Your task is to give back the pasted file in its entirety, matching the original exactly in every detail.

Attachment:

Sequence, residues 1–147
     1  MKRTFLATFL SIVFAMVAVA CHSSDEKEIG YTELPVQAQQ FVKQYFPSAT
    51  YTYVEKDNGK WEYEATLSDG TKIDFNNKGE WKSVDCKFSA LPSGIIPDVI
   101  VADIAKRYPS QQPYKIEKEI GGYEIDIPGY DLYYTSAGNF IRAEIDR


Sequence, residues 1–147
     1  MKRTFLATFL SIVFAMVAVA CHSSDEKEIG YTELPVQAQQ FVKQYFPSAT
    51  YTYVEKDNGK WEYEATLSDG TKIDFNNKGE WKSVDCKFSA LPSGIIPDVI
   101  VADIAKRYPS QQPYKIEKEI GGYEIDIPGY DLYYTSAGNF IRAEIDR